I’d become terribly upset and thrown off balance, losing the comfortable peace so well known in my days. I attempted to regain perspective through regimented worship: intercessory praying, rosary, Liturgy of the Hours, Mass, and Adoration. Tentatively I reached out for prayer and shared the situation with a group of peers. They acknowledged my fears and began their own intercessions on my behalf.

In all this, it wasn’t until I lowered myself to the ground did the tension seep away.

To kneel on soil—instead of on padded wood—is to join oneself intimately with the Creator, to lean into, and on to, God. To arch the back and offer ones hands to toil with joy or tears, distracted, alone, loved or not is to embroider the earth with prayer.

We are placed upon this sod of love spared from the Garden of Eden. For as low as our lives are from the heavens, we are, always, the humus of the earth—from it and to it, nourished and nourishing, full circle in the created affections of God. We scratch upon it. And not all scratching is fruitful and not all seeding sprouts.

It is the effort to draw closer to God that brings us to our knees. And every prayer waters the ground that rears us to our sainthood.

Image by Mammiya from Pixabay 

(2017)

 

Unexpected Beauty, Ancient and Alive

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After morning Mass at a 115 year old country parish, I decided to take a drive along farm lanes, through “God’s country.”

County roads here run straight and intersections at 90º a mile or two apart. I turned south along Hawley—roads were historically named after the land owner—and was surprised to see a hops farm. I wondered if the grower crafted beer or sold to local breweries. The grove was surrounded by a ten-foot-fence against deer browsing, and dozens of 16’ crosses pierced the earth. The cross-beams trailed heavy twine, secured at the base near the bushy vines.

I found the view unsettling as thoughts of Saint Paul Miki and Companions came to mind; twenty-six martyred by being hung on crosses in Nagasaki, Japan.  I shuddered and shook my head to clear the intrusive image of suffering.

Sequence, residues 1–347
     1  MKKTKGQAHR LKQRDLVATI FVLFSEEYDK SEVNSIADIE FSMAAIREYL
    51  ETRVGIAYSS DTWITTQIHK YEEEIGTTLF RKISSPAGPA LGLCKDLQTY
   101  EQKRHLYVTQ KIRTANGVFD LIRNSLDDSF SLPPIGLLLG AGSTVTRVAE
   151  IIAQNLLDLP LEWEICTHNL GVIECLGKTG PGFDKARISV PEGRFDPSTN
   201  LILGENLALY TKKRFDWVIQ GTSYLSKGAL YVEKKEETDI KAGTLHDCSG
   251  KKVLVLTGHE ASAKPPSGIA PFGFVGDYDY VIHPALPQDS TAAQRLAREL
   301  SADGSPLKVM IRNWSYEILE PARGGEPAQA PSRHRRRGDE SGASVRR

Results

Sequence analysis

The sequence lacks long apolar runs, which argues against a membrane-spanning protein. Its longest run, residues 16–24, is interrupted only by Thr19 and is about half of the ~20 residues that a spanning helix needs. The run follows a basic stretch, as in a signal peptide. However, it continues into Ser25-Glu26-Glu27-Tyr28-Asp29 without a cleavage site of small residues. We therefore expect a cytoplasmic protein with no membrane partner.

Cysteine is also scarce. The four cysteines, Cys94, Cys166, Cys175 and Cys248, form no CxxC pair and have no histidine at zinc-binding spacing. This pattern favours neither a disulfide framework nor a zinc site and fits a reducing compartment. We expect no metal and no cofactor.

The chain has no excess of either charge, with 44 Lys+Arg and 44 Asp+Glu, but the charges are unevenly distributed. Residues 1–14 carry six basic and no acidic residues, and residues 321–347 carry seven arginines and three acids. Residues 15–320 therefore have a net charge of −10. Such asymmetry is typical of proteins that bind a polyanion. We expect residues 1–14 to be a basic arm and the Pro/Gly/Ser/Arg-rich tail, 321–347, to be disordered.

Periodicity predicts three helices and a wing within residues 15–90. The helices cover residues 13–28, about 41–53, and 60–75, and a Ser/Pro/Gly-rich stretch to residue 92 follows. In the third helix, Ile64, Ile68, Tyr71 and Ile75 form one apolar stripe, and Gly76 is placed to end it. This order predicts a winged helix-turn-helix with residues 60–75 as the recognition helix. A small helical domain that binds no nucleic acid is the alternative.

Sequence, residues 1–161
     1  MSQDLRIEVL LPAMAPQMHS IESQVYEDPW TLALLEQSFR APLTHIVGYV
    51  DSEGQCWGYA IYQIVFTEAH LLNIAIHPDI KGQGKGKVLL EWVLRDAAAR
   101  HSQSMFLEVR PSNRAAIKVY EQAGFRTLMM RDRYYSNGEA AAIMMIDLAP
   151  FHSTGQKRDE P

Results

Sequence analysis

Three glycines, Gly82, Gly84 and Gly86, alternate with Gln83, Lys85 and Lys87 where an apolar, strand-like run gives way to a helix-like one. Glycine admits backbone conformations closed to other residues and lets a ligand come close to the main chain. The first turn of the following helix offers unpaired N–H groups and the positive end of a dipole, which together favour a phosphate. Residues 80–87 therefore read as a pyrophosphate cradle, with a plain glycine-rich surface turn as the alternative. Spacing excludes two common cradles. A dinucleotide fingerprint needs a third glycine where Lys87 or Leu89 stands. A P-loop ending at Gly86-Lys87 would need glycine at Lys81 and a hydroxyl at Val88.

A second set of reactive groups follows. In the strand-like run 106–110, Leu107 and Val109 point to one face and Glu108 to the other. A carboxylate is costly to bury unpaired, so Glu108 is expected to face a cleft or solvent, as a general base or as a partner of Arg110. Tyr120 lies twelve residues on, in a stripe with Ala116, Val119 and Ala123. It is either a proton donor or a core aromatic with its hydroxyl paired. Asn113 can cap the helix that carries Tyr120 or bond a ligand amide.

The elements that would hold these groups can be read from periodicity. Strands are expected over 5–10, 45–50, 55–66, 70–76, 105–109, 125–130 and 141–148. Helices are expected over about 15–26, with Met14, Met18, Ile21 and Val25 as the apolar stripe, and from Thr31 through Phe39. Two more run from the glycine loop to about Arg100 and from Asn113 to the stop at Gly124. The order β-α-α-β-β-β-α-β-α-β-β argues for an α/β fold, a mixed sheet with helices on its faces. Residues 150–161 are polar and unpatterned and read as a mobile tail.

Refocusing on my drive, I made note to come back to the farm through the summer to see how the vines progressed.

In south-central Michigan there are several small lakes, marshes, and muck-land farms—which grow celery, onions, cabbage, and peppermint. Crisscrossing three counties I drove past several, and had come upon a massive wetland whose beauty took my breath away.

Tussocks of tall marsh grasses glowed chartreuse in the morning light. They were surrounded by expanses of open water floating groups of lily pads and reminded me of paintings seen hanging in a restaurant by a local artist. The rains of the previous week had raised the water above the ditch-line; it reached the edges of the road.

I left the car and stood near what would have been the shoulder. The soft breeze carried the deep, low scent of a quagmire, and, lucky for me, was enough to keep the mosquitoes away. Up the road a fully grown, two foot Northern Water Snake casually made its way to the opposite bank. In the stillness I listened to the peeper frogs’ trill.

Then from behind, and startlingly near, a loud swish. Instinctively I ducked as a pair of Great Blue Herons flew a few feet above my head. Their bright orange beaks were slightly open, long black legs were extended and tucked tight against their gray bellies. I had never been so near these large, seemingly primordial birds and was amazed at their size.

My heart was beating fast from being startled. I watched with an overwhelming sense of reverence as they landed a few yards away. The pair stood poised in shallow water, and elegantly folded their powerful six-foot-span of wings.